Tag Archives: distribution

Wienermobiles Drive Across America!

Have you ever seen the Wienermobile in person? It’s like seeing a famous celebrity – everyone stops and looks, takes a selfie, and smiles at the giant hot dog mobile. It’s a great rolling billboard that gets attention and promotes products.

The Wienermobile first began 80 years ago during the Depression as a way to promote product and make people smile. It’s gone through a number of style changes, but continues today with six vehicles and 12 official “Hotdoggers” who drive it and pass out dogs and smiles around the country. (More than 1,000 people applied last year for the 12 Hotdogger spots!)

This summer, the Wienermobiles are touring the country to spread the word about the reformulated hot dogs, now without any added nitrates, nitrites, artificial preservatives, or by-products. In addition to updating the products, Oscar Mayer is also using social media to engage consumers and help determine locations for the tour. Already visited was Whittier, Alaska, population 220, accessible via a 2.5 mile tunnel and icy roads

No word on the miles per gallon though (or does it run on mustard?).

Group Activities and Discussion Questions:

  1. Discuss the stages in the product life cycle. What are the marketing objectives in each stage?
  2. Divide students into teams. Have each team draw a product life cycle and place various products and services into each stage.
  3. Discuss hot dogs and where they are in the product life cycle.
  4. Show the Wienermobile Web site: http://www.oscarmayer.com/wienermobile
  5. Show a video of the Wienermobile in Alaska: https://youtu.be/3e_1Z_oxt5g
  6. Now, have students brainstorm on how to reposition or revise products/services to that they can move into an earlier stage of the life cycle.

Source:  Advertising Age

 

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The Changing Face of Selling Furniture

Consumers are used to buying small items such as books, music, and household goods online thanks to Amazon and other ecommerce retailers. But what about shopping for larger and more expensive items such as furniture? Is there a market for online sales of furniture?

It turns out that the answer to that question is “yes.” Wayfair, Inc., a Boston-based retailer has no physical stores with very minimal inventory, but it has grown to be the largest online-only retailer in the United States with revenue more than $2.25 billion! The company advertises itself as selling “a zillion things home” and carries more than seven million products, from rugs to sofas. Utilizing a supply network of more than 7,000 different furnishings suppliers, the company ships large bulky items direct from suppliers to the consumers.

While it might initially seem that consumers would not be interested in buying furniture online, Wayfair uses a unique combination of Web site along with television shows to showcase its products and designs. The show “The Way Home” sponsored by Wayfair airs on Lifetime TV on Saturdays. Different episodes focus on design challenges including the latest trends, utilizing small spaces, and decorating on a budget.

Go ahead, see how to make over your least-favorite room on a budget!

Group Activities and Discussion Questions:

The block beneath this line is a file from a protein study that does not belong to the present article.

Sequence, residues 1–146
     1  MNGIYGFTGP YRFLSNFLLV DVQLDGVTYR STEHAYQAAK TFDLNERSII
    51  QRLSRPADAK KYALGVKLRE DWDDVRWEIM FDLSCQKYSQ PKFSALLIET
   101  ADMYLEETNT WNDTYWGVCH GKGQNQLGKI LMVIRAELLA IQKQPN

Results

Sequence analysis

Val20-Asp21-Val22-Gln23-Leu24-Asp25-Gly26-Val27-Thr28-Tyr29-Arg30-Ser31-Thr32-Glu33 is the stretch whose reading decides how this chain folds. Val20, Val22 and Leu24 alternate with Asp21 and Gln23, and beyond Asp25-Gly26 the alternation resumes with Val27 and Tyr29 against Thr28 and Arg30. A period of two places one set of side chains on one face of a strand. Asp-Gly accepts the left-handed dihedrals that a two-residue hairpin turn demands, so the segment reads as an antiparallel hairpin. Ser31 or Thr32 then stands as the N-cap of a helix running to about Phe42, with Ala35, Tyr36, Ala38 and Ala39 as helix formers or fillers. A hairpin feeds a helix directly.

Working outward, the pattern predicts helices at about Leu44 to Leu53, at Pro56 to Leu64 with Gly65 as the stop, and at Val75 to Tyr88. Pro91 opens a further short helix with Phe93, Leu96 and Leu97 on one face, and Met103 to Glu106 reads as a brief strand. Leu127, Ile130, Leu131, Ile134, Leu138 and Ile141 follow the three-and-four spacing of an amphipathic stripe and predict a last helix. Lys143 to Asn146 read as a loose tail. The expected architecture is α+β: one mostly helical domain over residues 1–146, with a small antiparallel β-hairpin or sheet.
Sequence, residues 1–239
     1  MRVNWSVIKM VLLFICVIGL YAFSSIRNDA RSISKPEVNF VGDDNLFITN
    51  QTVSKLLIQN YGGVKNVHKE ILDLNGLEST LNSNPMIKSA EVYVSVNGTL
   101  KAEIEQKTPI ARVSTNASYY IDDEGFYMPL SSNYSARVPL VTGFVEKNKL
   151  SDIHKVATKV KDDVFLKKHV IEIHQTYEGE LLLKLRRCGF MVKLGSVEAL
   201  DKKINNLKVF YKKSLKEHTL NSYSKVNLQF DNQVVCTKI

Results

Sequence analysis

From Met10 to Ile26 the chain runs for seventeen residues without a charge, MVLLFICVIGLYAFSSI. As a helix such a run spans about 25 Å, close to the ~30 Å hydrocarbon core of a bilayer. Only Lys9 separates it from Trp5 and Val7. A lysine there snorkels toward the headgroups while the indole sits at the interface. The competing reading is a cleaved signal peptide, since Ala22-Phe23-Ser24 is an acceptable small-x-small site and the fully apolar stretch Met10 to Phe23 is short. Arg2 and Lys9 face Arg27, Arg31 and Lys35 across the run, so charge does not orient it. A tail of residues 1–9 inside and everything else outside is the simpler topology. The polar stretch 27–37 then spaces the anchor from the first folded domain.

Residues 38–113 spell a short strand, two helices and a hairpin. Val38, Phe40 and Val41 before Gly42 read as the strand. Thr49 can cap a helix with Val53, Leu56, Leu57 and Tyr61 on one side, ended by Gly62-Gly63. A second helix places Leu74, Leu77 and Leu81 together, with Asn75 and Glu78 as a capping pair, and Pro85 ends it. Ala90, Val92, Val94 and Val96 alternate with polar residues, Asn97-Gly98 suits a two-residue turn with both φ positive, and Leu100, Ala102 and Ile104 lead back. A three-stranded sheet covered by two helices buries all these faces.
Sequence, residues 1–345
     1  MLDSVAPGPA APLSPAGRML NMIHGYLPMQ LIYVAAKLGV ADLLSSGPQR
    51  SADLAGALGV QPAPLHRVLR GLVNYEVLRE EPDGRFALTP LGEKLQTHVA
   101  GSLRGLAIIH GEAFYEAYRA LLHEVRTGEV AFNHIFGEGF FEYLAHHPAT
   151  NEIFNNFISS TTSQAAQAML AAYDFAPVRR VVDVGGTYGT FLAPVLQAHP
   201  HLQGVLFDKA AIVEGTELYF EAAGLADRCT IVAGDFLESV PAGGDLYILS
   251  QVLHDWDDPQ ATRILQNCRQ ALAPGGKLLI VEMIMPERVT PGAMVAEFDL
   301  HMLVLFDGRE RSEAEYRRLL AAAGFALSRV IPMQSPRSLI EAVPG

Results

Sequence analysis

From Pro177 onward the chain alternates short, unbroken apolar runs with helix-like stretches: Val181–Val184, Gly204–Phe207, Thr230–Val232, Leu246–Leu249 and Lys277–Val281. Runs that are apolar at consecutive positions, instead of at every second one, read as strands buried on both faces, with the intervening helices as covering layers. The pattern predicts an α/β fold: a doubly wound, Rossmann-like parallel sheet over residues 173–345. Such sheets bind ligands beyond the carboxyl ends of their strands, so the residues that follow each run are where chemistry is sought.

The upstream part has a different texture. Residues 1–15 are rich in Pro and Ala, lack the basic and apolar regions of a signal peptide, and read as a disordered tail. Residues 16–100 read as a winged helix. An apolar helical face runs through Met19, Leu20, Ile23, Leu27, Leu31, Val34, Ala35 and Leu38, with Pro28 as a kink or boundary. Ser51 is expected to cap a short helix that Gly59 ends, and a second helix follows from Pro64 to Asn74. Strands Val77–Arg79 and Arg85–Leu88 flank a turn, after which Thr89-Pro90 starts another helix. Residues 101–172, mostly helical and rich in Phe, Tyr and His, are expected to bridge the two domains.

1. While the buying process may vary slightly for different products and target markets, the basic 5-step process remains the same: problem recognition, information search, evaluation of alternatives, purchase decision, and post-purchase behavior.
  2. For furniture buying, have students work on the actions taken in each of the five steps.
  3. Next, show Wayfair’s Web site: https://www.wayfair.com/
  4. Show Wayfair’s TV show: https://www.wayfair.com/thewayhome/?&episode=10&clip=1
  5. How is the company using integrated marketing communications?
  6. For furniture, who is the target market?
  7. Divide students into teams and have each team develop a profile of a target market for Wayfair. Include demographics, psychographics, behaviors, values, attitudes, etc.

Source:  Wall Street Journal   

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Amazon’s Treasure Truck

truck

Amazon continues to move beyond its digital roots and into the physical world. This time, it’s the “Treasure Truck” – a delivery vehicle for daily deals that drives around  neighborhoods in Seattle. Amazon compares the Treasure Truck to the neighborhood ice cream truck, brining joy, fun, laughter, and deals to different neighborhoods. The truck – nicknamed Scout – is bedazzled with lights, signs, display cases, and music.

How does it work? First, you have to be located in Seattle as that is the only location currently in operation. Then, using the Amazon mobile app installed on your smartphone, you can see the products and deals on the truck, as well as get alerts about deals and locations. Next, buy the item using the app, and then drive to the listed pickup location. At the pickup location, Amazon employees are stationed in white tents next to the truck and they quickly deliver the order to you.

The deals are limited in quantity so buyers have to act fast!

Group Activities and Discussion Questions:

  1. Poll students: What types of businesses are they used to seeing operating out of trucks?
  2. Bring up the Amazon Treasure Truck Web site: https://www.amazon.com/treasuretruck
  3. Show the video on the home page.
  4. This example can be used in multiple ways to determine marketing strategies, set SMART objectives, and more.
  5. Discuss setting SMART objectives (specific, measureable, achievable, realistic, and time-bound).
  6. Divide students into teams. Have each team develop five SMART objectives for the Treasure Truck.
  7. Discuss the objectives. How would the objectives change if a different strategy was used?

Source:  GeekWire, CNET, New York Times

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